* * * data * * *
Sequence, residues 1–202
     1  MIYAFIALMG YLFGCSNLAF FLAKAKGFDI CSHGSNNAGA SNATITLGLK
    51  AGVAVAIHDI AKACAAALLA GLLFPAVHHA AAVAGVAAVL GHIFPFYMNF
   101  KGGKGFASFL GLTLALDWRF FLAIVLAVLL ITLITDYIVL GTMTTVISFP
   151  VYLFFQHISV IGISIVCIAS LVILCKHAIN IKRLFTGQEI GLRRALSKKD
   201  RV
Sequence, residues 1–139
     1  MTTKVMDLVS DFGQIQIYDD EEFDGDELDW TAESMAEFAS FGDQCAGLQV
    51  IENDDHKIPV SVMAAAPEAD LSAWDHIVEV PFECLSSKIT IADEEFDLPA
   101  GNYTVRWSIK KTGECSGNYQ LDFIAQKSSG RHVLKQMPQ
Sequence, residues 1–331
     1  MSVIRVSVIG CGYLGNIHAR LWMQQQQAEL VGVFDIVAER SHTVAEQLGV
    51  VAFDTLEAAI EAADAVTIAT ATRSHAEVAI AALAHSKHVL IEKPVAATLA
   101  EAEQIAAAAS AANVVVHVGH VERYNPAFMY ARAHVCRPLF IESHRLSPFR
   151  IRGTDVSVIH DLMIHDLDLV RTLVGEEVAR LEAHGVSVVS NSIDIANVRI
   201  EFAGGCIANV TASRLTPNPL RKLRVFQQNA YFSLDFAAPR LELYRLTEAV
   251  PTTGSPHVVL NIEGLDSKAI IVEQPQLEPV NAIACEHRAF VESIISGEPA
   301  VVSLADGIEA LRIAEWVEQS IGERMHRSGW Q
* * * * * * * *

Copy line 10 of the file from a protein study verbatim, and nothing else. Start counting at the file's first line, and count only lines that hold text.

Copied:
   101  GNYTVRWSIK KTGECSGNYQ LDFIAQKSSG RHVLKQMPQ